March 20, 2020
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Why I’m voting for Mayor Pete

Matt Rourke | AP
Matt Rourke | AP
Democratic presidential candidate former South Bend, Indiana, Mayor Pete Buttigieg speaks during a campaign event, Monday, Feb. 24, 2020, in North Charleston, South Carolina.

Pete Buttigieg seems to have lived a charmed life, but as the saying goes, what seems like luck often involves a lot of hard work. From going to Harvard, winning a Rhodes scholarship, serving in Afghanistan and becoming the two-term openly gay mayor of the city he grew up in, it’s obvious he is driven. This controlled and sustainable passion of Pete’s stands out in today’s political climate of grievance and righteous anger. That’s what I want from the next president of the United States, not righteous anger that constantly starts fights, but an unwavering focus on results.

From my perspective, Donald Trump has had one singular focus during his Presidency: his own interest. Trump’s conspiracy mongering and willingness to bend any rule has eroded public trust in the government to historic lows.

Trump spreads the idea that all government is corrupt, it seems, to make himself seem less bad. If Americans come to believe that all people in public service are corrupt, people who are their neighbors and keep us safe as we go about our daily lives, it will break down the fabric that underpins America. A system of laws only works if you trust that everyone else is playing fairly and that you aren’t getting taken advantage of. If you believe it’s all rigged, then why not take advantage yourself? No one wants to be a sucker.

Buttigieg is the best candidate to change this narrative because he draws the biggest contrast to Trump. Buttigieg is a public servant who served in Afghanistan. He is young and looks at the world with a perspective of hope instead of a perspective of fear and grievance.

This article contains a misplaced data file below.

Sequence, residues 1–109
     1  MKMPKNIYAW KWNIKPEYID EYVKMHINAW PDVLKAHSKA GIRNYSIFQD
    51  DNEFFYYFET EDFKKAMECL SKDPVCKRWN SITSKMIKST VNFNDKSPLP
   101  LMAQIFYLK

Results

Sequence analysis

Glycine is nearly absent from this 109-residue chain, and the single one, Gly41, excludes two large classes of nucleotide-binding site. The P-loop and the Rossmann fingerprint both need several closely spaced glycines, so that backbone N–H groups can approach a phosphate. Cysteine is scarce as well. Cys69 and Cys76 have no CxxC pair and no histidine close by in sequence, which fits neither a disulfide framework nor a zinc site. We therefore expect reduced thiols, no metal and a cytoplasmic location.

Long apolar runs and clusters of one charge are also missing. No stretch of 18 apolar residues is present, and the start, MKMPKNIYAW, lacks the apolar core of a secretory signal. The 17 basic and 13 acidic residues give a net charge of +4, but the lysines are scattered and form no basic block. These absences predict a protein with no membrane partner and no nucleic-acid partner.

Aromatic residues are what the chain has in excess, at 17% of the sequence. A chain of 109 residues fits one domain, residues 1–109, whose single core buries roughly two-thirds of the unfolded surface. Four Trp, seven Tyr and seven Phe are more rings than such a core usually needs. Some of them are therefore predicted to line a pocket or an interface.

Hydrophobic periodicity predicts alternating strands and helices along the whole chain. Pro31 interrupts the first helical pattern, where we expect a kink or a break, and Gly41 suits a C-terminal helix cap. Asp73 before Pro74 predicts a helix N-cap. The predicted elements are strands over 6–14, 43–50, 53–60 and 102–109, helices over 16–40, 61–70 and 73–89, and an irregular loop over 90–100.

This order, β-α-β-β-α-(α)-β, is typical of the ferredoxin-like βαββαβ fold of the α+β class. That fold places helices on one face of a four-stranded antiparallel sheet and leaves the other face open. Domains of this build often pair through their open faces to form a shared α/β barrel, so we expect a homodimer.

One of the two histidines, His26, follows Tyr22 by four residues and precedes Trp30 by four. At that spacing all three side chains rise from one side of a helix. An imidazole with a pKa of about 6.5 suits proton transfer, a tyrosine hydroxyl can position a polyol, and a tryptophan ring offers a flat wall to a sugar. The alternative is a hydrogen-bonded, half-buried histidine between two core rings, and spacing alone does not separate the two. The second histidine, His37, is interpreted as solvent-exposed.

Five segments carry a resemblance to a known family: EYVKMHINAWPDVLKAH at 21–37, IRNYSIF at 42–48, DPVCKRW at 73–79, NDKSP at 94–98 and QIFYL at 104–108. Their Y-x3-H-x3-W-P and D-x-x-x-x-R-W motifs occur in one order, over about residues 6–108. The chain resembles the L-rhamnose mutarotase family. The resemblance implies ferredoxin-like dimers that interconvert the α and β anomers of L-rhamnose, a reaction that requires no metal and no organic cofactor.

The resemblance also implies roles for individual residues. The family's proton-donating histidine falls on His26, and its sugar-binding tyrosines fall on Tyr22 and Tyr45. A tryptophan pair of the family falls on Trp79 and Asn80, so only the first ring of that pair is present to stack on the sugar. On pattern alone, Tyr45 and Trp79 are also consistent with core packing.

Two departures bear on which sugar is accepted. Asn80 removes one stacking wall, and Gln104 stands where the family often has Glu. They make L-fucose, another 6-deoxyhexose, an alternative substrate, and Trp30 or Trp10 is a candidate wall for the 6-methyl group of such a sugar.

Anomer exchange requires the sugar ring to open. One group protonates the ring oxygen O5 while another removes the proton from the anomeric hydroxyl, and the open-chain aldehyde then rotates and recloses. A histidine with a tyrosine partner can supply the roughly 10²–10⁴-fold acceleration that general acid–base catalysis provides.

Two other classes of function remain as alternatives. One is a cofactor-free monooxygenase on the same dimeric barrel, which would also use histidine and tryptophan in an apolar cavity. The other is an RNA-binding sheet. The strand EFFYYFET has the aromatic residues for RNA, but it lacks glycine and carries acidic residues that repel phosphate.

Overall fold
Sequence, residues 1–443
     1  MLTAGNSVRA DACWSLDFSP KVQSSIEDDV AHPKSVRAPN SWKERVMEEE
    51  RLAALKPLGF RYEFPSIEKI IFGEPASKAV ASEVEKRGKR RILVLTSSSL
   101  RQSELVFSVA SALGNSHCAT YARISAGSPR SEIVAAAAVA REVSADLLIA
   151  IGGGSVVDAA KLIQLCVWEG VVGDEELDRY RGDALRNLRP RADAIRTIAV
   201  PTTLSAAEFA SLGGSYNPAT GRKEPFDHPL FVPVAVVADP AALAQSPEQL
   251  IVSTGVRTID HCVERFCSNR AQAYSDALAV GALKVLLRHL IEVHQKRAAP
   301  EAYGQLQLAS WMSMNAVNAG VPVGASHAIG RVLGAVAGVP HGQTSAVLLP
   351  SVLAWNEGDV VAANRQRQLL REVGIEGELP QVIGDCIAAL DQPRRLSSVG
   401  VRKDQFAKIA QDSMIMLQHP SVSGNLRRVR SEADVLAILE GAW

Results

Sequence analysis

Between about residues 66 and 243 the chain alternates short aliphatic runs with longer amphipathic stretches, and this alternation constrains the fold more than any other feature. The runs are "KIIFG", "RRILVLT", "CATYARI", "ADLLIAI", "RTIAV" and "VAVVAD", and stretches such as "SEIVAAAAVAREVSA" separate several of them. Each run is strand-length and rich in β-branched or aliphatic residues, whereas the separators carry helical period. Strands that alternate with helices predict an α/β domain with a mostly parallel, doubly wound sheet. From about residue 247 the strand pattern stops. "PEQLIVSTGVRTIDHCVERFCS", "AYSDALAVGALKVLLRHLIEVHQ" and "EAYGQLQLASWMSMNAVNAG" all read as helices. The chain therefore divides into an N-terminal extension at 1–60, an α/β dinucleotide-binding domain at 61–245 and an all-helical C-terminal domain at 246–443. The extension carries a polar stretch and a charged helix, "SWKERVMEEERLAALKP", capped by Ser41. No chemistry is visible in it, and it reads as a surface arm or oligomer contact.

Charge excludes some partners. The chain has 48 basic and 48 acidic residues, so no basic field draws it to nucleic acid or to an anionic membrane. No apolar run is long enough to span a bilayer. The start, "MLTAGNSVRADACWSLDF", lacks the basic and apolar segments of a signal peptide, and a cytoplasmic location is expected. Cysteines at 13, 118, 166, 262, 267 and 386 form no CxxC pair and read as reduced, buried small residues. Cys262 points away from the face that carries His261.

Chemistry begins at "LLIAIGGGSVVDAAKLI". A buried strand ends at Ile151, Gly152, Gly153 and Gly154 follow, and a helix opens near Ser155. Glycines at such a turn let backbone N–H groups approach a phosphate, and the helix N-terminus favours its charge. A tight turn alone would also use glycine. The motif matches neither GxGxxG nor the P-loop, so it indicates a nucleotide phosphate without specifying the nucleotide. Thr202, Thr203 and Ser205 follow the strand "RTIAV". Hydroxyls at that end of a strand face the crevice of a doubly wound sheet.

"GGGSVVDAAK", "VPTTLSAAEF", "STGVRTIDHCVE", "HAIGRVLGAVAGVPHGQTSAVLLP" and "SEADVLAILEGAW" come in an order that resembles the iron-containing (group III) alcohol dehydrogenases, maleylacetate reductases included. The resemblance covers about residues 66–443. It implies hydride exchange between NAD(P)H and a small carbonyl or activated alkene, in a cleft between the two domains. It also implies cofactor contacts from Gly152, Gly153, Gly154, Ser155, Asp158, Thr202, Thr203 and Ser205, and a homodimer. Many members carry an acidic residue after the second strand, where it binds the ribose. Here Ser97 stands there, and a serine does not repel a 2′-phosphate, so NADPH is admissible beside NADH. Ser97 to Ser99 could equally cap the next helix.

Buttigieg is a young man, but again that is something that draws me to him and draws a contrast with Trump. I admire Buttigieg’s experience in struggling to accept his identity as a gay man. He presents a positive, inclusive but also realistic vision of America successfully adapting to the future instead of Trump’s message of returning to an impossible past fantasy.

Buttigieg’s policy ideas address difficult issues such as climate change, but they’re more attainable than some of his Democratic rivals. This is important because there’s a danger of disillusionment leading to more deadlock if our politicians continue to make sweeping promises of change and fail to come through.

A great example is his proposed carbon tax. Under Buttigieg’s plan, any emissions of CO2 will be taxed at a standard rate. That’s an easy thing for the government to enforce without hiring an army of bureaucrats, and it’s hard for companies to bend rules that are so straightforward. A carbon tax cleanly gives everyone an obvious motivation to pollute less. Cleverly, the money raised by the tax would be returned to all U.S. citizens in dividend payments. This would help cover higher costs of gasoline or heating houses, but it would leave the choice of what to spend the money on up to individuals. Those payments also help address the criticism that climate change costs fall disproportionately on working class people who have fewer resources to adapt. The added economic activity created by returning the money to all U.S. citizens is an essentially free way to offset the economic hit to the economy as we move to a zero net emission future.

Mayor Pete is an inspiring aspirational figure who has real accomplishments and sacrifices to hold up against Trump’s lies and conspiracy theories. His quiet and thoughtful work ethic is a good fit for Maine.

Ned Swain of Portland is the owner of Devenish Wines.


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